Paula McPhail, an 18-year-old student at the Ayr Campus who is studying NC Early Education and Childcare, has agreed to write an important post for our blog.
Paula has foetal alcohol spectrum disorder (FASD) and recently spoke to MSPs at the Scottish Parliament about her experiences in education.
Here she tells us all about her Scottish Parliament presentation and her experiences as a care experienced student, and how the College’s Inclusive Learning team and lecturers have supported her at college.
“Earlier this year I was at an Adoption UK conference giving a talk about my experiences with foetal alcohol syndrome. They asked if I would consider talking at the Scottish Parliament, so that’s how we got involved. There were five of us talking in parliament.
“I was nervous and excited at the same time. It was a great thing to do. I felt like everyone listened to me because I had a powerful story. My mum came with me and was really proud of me.
“I spoke about being an adopted child at school and what my experience was. I talked about how I felt misunderstood and how teachers made me feel at school. I felt I didn’t get the help that I needed – but it wasn’t really because I was adopted.
“A big reason why I didn’t get the necessary support was because I didn’t get a FASD diagnosis until I was 16. But once I got the diagnosis I still didn’t feel I got the help I needed. I was always a quiet kid at school and I used to copy off my friends just to get by, so no one noticed. It wasn’t until I was doing my exams that I started saying I needed help because I couldn’t copy off anyone.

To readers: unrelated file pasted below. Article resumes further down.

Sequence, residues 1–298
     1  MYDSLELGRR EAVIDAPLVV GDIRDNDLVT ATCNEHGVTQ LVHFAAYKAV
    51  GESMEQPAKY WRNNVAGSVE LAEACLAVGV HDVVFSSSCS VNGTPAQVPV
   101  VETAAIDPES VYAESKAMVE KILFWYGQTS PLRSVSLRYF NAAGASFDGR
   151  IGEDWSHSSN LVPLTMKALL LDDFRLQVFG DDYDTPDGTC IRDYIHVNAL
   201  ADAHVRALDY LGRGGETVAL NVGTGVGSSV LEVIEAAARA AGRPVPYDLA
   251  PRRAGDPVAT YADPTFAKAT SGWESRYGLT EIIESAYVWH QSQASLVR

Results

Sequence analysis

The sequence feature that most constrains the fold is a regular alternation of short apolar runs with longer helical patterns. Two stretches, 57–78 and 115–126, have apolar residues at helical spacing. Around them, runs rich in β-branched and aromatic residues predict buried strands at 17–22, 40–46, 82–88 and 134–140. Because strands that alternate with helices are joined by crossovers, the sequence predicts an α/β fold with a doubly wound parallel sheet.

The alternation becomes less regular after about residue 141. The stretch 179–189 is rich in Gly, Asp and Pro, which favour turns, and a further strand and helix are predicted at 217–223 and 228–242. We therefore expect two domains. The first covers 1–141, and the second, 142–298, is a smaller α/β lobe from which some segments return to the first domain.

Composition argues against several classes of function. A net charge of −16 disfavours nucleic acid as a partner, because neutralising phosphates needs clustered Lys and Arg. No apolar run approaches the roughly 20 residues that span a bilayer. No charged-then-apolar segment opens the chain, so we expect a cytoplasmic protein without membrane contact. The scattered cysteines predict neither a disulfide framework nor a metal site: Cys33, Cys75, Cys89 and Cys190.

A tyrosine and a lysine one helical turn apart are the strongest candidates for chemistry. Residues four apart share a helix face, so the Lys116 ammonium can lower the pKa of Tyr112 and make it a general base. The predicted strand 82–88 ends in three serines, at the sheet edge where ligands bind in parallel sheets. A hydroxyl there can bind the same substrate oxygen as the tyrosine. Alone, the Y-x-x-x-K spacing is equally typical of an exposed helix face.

“FASD affects me because I can’t have too many instructions given to me. I just won’t be able to remember them all. I can read information fine, but taking it in is difficult.
“I came to college last year on a School-College partnership course in Early Education and Childcare. I immediately approached Inclusive Learning because I felt I probably needed to tell them about my FASD. They have supported me really well. They did a test on me straight away and help me all the time.
“The Inclusive Learning team at Ayrshire College gives me a laptop with software that helps me type it up better. They also arrange for me to have extra time, and if I say in class that I’m struggling then my lecturer takes the time to explain it better to me. My lecturers are very understanding.
“College life is better than I thought it would be. I was quite scared to come up. I thought it’d be the exact same as school but you get more responsibility for yourself and they treat you like an adult here. My classmates don’t really know about FASD but I don’t really mind talking about it if they were to ask me. They’re a great help too.
“I’m hoping to get a job in a nursery. My mum and dad are foster carers so I’ve always had kids coming into my house. I’ve always loved being with kids so that’s what made me choose this course.”